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About the toolkit

What is the purpose of the toolkit?

The purpose of this Effectiveness Toolkit is to provide a way for organisations to answer the question: How well are we doing?

Is the toolkit aimed at particular organisations?

Small to medium-sized voluntary organisations (NGOsdefinition) who are working in the field of international development.

How has the toolkit been developed?

This on-line version has been developed by NIDOS after consultation with members in Scotland, following a pilot phase in 2010. NIDOS links to the Bond Effectiveness Programme which serves a wider range of NGOs working in international development

Why use it?

The toolkit will enable organisations to compare how they work with best practice in the sector and action plan for strengthening their effectiveness. It provides:

  • an opportunity for your trustees, volunteers, staff & others to discuss how effective your organisation is at present
  • a focus on what your organisation could do to improve outcomes
  • a framework for Action Planning
  • greater clarity about your organisation’s strengths & weaknesses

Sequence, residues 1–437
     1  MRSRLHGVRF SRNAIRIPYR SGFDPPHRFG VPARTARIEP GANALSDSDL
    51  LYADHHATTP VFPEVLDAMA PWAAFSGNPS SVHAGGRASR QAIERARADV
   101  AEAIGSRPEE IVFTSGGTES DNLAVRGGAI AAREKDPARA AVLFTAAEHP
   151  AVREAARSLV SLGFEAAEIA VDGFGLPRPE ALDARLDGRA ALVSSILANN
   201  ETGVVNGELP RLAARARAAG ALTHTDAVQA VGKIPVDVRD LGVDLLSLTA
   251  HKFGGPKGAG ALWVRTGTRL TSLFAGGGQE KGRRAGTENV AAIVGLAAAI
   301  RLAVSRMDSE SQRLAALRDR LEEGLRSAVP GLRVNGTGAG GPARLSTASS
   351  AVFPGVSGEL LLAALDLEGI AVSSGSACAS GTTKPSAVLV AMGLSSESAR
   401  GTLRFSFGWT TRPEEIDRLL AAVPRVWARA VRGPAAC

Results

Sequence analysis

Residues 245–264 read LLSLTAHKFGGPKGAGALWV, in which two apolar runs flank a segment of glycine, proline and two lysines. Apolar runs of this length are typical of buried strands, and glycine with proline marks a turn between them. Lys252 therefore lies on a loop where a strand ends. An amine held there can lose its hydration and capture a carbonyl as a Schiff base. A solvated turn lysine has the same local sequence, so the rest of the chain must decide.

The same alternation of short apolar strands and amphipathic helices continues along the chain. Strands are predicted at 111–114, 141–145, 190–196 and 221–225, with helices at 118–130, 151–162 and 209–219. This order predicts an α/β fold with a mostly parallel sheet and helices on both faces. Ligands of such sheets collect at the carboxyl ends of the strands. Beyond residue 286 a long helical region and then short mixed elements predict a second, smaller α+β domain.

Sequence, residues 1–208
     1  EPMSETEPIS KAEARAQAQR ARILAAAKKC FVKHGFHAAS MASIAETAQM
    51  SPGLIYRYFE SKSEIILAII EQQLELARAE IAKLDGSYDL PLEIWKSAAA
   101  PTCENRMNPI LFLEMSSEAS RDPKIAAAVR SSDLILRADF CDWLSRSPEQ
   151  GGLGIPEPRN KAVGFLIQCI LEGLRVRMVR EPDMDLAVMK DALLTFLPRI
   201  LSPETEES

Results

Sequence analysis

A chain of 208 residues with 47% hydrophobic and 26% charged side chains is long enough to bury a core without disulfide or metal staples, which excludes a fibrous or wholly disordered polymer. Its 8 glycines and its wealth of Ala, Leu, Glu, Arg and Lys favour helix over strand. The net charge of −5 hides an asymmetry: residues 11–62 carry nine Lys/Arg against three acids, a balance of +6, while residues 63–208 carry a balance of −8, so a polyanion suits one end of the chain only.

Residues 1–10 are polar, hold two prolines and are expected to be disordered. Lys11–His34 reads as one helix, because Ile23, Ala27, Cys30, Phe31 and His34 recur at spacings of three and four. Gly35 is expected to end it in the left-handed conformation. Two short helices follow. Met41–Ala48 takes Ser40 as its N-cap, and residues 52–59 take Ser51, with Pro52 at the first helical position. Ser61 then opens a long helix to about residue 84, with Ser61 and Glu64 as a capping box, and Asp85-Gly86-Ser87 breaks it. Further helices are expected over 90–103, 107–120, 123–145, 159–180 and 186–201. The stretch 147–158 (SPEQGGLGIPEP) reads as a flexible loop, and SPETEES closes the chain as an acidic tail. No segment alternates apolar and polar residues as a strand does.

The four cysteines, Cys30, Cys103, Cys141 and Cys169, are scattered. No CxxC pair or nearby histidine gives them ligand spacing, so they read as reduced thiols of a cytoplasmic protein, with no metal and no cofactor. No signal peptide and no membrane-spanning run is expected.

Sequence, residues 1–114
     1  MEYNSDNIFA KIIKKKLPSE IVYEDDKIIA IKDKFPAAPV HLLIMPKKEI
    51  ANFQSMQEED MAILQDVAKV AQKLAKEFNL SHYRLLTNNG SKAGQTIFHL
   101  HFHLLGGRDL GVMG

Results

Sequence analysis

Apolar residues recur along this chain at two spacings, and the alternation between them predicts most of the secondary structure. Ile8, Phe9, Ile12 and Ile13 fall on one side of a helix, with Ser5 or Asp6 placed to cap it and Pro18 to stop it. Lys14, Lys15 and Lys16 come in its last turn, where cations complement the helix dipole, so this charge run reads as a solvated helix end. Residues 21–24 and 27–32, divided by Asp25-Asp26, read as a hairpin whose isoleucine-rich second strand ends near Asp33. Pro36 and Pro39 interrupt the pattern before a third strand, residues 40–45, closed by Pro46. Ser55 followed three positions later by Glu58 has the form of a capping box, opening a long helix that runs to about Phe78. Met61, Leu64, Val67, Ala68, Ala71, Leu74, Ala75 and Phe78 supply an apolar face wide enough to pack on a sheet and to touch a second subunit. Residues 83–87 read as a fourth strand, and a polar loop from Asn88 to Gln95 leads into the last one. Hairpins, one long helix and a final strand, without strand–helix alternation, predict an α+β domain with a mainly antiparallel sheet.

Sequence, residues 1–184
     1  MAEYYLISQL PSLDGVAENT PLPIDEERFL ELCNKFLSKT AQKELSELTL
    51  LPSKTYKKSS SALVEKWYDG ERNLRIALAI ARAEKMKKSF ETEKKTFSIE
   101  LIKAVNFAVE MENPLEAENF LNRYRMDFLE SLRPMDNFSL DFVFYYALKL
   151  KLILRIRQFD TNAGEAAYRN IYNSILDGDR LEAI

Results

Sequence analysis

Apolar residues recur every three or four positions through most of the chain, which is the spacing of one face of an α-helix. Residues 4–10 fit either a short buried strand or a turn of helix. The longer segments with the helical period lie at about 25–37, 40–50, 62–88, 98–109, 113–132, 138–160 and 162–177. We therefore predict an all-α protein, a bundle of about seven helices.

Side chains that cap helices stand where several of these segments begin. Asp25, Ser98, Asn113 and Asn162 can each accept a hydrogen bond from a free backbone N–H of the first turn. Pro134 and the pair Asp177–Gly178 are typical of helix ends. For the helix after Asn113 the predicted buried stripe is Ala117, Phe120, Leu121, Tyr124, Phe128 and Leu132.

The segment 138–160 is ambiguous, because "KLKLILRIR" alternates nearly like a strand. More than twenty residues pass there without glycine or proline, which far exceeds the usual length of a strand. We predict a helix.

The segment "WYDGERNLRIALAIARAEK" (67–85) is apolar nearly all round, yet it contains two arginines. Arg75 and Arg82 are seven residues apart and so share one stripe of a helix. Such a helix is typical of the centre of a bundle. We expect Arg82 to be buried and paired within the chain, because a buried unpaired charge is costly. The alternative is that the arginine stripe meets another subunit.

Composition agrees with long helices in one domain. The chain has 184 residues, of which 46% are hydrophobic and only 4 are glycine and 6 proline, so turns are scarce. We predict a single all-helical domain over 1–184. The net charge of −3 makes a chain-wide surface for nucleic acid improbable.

• the ability for your organisation to be better placed to apply for funding
  • a chance to carry out a methodical organisational review
  • an opportunity to celebrate really good practice

In the toolkit - what do we mean by Partners and Communities?

Most international development projects have at least a three-way core partnership:

1. The people or communities the project is working with and in support of;

2. The host country partner  - usually an NGO in country but may be another agency such as a government department or a religious institution or a business etc. There may be more than one local partner for each project and they may be of different kinds.

3. The international NGO (the 'northern' partner).

In this toolkit this three way relationship is the core set of relationships that we refer to throughout the benchmarks and indicators.

In the language of the toolkit we have deliberately not referred to the people the project is working with as 'beneficiaries' or 'poor people' but rather as communities we are working with or communities we seek to support.

Also, we have deliberately not included funders as partners - though of course they are important stakeholders in projects. We have done this because we understand that for projects or programmes to be genuinely effective they must be based on the expressed needs, priorities and rights of communities and particularly those of marginalised people in these communities. Project priorities must not be funding led if we are to contribute to genuinely sustainable development. To be effective, international NGOs but also their in-country partners need to have a clear focus on accountability to communities.